Michigan’s wine grape acreage doubled over the past decade, according to a report recently released by the U.S. Department of Agriculture (USDA) National Agricultural Statistics Service.
While acreage of Concord and Niagara grape varieties – used primarily for juice, jams, and jelly – has remained steady at approximately 12,000 acres over the past 10 years, acreage of wine grapes increased from 1,300 to 2,650 acres.
“This data confirms the steady growth of the wine industry,” said Gordon Wenk, Deputy Director of the Michigan Department of Agriculture and Rural Development, who also chairs the Michigan Grape and Wine Industry Council. “Michigan’s wineries are committed to the concept of regional identity by utilizing a high percentage of Michigan-grown fruit in their wines.”
The USDA report is based on the 2011 Michigan Fruit Survey, which collected data from grape growers throughout the state. The complete results of the survey are available online and can be accessed from www.michiganwines.com/fastfacts.
The top five wine grape varieties (in acres):
Riesling is the most widely planted wine grape, with acreage nearly tripling in the past decade. Michigan producers are creating world-class Rieslings and earned more than 20 top awards in 2012 for Riesling wines in a variety of styles, from bone dry to sweet ice wine. The International Riesling Foundation lists Michigan among notable global producers.
But Riesling isn’t the only star of the survey. Cabernet Franc acreage also tripled in the past decade. Pinot Gris increased nearly 300 percent. And Pinot Noir has replaced Chardonnay as the state’s second most planted variety, with acreage increasing 150 percent in the last 10 years. More than 40 varieties of wine grapes with at least two acres of production were reported. Traditional European varieties (vinifera) account for two-thirds of Michigan’s wine grape acreage. The balance is mainly comprised of hybrid varieties (crosses between European and native North American varieties).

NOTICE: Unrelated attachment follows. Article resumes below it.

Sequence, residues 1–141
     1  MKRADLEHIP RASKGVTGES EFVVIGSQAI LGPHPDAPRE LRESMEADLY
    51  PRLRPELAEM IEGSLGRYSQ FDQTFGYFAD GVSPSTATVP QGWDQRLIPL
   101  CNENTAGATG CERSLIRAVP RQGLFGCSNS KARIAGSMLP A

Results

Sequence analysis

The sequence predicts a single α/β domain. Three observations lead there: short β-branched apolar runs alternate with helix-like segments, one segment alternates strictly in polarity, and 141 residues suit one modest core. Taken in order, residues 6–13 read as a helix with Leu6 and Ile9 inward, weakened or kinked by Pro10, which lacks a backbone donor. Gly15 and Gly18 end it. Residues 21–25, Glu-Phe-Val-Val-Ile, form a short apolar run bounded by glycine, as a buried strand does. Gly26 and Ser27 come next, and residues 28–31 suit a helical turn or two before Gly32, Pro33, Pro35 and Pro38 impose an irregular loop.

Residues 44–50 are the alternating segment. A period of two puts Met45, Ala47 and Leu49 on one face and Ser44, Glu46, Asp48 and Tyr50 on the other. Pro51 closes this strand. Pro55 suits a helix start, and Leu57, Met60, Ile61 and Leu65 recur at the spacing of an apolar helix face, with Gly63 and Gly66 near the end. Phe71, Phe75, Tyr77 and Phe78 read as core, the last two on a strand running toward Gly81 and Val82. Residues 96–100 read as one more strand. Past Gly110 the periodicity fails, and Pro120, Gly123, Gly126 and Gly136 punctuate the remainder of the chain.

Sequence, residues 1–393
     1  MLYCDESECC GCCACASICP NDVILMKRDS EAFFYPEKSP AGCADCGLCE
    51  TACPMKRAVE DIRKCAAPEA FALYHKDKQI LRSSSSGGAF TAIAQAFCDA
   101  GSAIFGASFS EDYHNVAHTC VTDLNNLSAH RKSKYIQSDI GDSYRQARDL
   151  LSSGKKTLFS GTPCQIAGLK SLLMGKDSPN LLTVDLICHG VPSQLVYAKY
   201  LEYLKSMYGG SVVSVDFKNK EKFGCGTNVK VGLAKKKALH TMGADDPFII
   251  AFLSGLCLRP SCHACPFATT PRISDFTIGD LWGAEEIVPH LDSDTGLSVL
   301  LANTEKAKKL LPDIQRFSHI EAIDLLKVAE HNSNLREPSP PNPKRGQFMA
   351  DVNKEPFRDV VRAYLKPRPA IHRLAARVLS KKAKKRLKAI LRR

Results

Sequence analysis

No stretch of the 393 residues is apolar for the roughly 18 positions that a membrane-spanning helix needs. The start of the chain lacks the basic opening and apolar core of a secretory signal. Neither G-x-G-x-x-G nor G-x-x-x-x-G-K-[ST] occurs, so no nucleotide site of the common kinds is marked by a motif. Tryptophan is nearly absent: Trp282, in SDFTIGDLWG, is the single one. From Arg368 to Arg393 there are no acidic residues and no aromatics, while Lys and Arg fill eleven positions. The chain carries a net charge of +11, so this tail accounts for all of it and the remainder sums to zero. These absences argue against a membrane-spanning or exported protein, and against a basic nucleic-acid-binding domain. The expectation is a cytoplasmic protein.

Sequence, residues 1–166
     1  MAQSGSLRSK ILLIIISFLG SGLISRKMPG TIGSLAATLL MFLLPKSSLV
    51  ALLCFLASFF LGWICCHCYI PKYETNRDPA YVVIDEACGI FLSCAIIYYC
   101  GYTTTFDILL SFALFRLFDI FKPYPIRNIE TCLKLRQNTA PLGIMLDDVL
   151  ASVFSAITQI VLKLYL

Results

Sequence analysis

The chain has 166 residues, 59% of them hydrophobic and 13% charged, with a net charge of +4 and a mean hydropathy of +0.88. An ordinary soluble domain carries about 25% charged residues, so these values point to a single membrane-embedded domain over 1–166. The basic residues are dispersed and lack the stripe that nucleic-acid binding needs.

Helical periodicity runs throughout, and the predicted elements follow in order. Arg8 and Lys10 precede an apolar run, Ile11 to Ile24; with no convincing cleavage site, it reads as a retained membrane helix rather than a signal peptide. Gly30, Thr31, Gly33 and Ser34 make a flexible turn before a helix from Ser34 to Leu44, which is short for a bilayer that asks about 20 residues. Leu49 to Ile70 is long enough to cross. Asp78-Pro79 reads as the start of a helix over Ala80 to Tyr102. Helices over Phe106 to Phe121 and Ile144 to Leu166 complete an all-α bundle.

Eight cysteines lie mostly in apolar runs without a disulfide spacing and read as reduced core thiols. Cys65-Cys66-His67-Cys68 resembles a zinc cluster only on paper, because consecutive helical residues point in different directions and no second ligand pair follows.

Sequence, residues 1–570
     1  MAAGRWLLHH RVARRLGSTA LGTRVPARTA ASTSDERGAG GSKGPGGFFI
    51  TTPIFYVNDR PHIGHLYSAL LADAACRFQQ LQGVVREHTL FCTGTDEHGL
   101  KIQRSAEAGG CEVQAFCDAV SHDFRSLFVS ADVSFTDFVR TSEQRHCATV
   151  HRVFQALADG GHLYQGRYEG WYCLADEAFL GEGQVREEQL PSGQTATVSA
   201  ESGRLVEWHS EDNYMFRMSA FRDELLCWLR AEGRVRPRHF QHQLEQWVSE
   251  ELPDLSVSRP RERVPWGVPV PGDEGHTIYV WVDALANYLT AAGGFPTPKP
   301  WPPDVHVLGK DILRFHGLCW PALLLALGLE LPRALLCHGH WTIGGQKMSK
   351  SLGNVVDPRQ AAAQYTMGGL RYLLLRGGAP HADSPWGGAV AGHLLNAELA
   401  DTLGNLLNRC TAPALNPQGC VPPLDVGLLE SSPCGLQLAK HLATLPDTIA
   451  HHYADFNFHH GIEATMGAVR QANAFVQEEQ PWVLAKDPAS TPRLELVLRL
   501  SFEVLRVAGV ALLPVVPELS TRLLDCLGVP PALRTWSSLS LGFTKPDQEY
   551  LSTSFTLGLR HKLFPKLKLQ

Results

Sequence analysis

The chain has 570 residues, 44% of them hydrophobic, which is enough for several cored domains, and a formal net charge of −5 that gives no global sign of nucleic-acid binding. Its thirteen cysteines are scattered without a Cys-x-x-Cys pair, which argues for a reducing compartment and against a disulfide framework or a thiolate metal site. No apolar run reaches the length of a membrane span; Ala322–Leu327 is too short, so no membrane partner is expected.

Traditionally, the wine grape industry in Michigan was concentrated in four primary counties: Berrien, Van Buren, Grand Traverse, and Leelanau. Due to winery expansion around the state, the survey shows vineyard land exceeding 10 acres in each of the following counties: Allegan, Antrim, Benzie, Cass, Charlevoix, Jackson, Lenawee, Oceana, Sanilac, and Washtenaw.
Michigan ranked fourth in total grape production in the United States in 2011, behind California, Washington, and New York, and ranked fifth in wine grape production. Michigan hovers between fifth and eighth place for wine grape production from year to year, depending on weather events that can severely influence regional production volumes in any given year.
According to the Michigan Grape and Wine Industry Council, there are 101 commercial wineries producing more than 1.3 million gallons of Michigan wine annually. That number has increased from 32 wineries in 2002 producing 400,000 gallons. For more information about the Michigan wine grape industry, visit the council’s website, www.michiganwines.com.
The Michigan Grape and Wine Industry Council is an 11-member board that supports the growth of the grape and wine industry in Michigan. It is housed in the Michigan Department of Agriculture & Rural Development, which is the official state agency charged with serving, promoting and protecting the food, agriculture and agricultural economic interests of the people of the state of Michigan.